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posticon For activists/citizens: Get ourselves in good shape for the long haul

I know a lot of us are distressed about current events in our country and the world. If you're like me, you’re getting tons of requests to act: sign a petition, give money, or show up at an action. I know those are important -- but to be in shape for the long haul, we have to get our minds and spirits ready, as well as jump into action.

Yesterday, 3/16/2017, I was fortunate to find out about an resource that can help us do just that. It's the website by an activist named Daniel Hunter. He offers seven behaviors to help keep us grounded and in motion, so we can replenish our power in these difficult times. For example:
1. I will make a conscious decision about when and where I'll get news — and what I'll do afterwards.
2. I will get together with some people face-to-face to support each other and make sure we stay in motion.
I think these ideas will help me so I signed up at the website to get reminders and encouragement. I think these ideas might help you as well, so I encourage you to visit

As we stand against all forms of oppression and injustice, it is timely to recall what Rabbi Hillel the Elder said 2000 years ago: If I am not for myself, who will be for me?  If I am only for myself, what am I?  If not now, when? 

posticon Inspiring article about hope in these difficult times

Today, 2/4/2017, I just finished reading an article by Rebecca Solnit called "Grounds for Hope" in the Winter 2017 issue of Tikkun Magazine. It's actually a reprint of the foreword to the 3rd edition of her book Hope in the Dark: Untold Histories, Wild Possibilities. I found this article so inspiring! So I'd like to share some excerpts that particularly enlightened or moved me.

"Your opponents would love you to believe that it's hopeless, that you have no power, that there's no reason to act, that you can't win. Hope is a gift you don't have to surrender, a power you don't have to throw away. And though hope can be an act of defiance, defiance isn't enough reason to hope. But there are good reasons."

"It's important to say what hope is not: it is not the belief that everything was, is, or will be fine. The evidence is all around us of tremendous suffering and tremendous destruction. The hope I'm interested in is about broad perspectives with specific possibilities, ones that invite or demand that we act. It's also not a sunny everything-is-getting-better narrative, though it may be a counter to the everything-is-getting-worse narrative."

"Hope locates itself in the premises that we don't know what will happen and that in the spaciousness of uncertainty is room to act. ... Hope is an embrace of the unknown and the unknowable... It's the belief that what we do matters even though how and when it may matter, who and what it may impact, are not things we can know beforehand. We may not, in fact, know them afterward either, but they matter all the same, and history is full of people whose influence was most powerful after they were gone."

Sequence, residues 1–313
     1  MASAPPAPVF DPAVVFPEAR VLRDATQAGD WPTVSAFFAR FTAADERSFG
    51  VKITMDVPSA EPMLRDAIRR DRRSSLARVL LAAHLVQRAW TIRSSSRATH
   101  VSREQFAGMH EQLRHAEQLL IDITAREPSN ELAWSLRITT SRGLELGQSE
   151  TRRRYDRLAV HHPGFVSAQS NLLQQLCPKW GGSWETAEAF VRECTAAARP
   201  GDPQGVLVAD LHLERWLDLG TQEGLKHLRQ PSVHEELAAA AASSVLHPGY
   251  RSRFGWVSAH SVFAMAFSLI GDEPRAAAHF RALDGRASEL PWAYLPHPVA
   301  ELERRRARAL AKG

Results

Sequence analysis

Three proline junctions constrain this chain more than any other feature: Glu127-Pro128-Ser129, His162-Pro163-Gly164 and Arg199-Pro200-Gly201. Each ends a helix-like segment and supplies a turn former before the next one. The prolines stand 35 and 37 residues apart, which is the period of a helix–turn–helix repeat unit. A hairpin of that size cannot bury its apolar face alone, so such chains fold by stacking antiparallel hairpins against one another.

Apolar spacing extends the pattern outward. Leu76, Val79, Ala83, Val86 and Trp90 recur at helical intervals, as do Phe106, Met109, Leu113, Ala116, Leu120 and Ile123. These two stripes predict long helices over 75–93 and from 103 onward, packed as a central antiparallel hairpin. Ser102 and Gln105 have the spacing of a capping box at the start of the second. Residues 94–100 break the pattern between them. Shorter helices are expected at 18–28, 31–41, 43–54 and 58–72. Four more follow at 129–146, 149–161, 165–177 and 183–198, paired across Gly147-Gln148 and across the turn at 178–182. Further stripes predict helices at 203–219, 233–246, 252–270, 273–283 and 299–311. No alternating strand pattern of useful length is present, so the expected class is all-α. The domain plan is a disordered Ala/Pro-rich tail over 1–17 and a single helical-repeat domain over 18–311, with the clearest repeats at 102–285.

"Hope is only a beginning; it's not a substitute for action, only a basis for it."

"People in official institutions devoutly believe they hold the power that matters, though the power we grant them can often be taken back; the violence commanded by governments and militaries often fails, and nonviolent direct-action campaigns often succeed. The sleeping giant is one name for the public; when it wakes up, when we wake up, we are no longer only the public: we are civil society, the superpower whose nonviolent means are sometimes, for a shining moment, more powerful than violence, more powerful than regimes and armies... And yet, of course, everything in the mainstream media suggests that popular resistance is ridiculous, pointless, or criminal, unless it is far away, was long ago, or, ideally, both. These are the forces that prefer the giant remain asleep. Together we are very powerful, and we have a seldom-told, seldom-remembered history of victories and transformations that can give us confidence that yes, we can change the world because we have many times before. You row forward looking back, and telling this history is part of helping people navigate toward the future... The past is set in daylight, and it can become a torch we can carry into the night that is the future."

In case you'd like to read the whole piece, I found the full text of the Foreword at this website:

posticon Ribbon Cutting

We had a ribbon cutting to mark the "official" opening of our practice on June 10, 2016. Here's a picture:


posticon Why Therapists Should Talk Politics

By Richard Brouillette
March 15, 2016 3:21 am

I have long believed that social and political issues can be important and useful to discuss in therapy. Therefore, I was pleased to see this column by therapist Richard Brouilette in the New York Times which eloquently expresses and explains this perspective. Click here to read his column.

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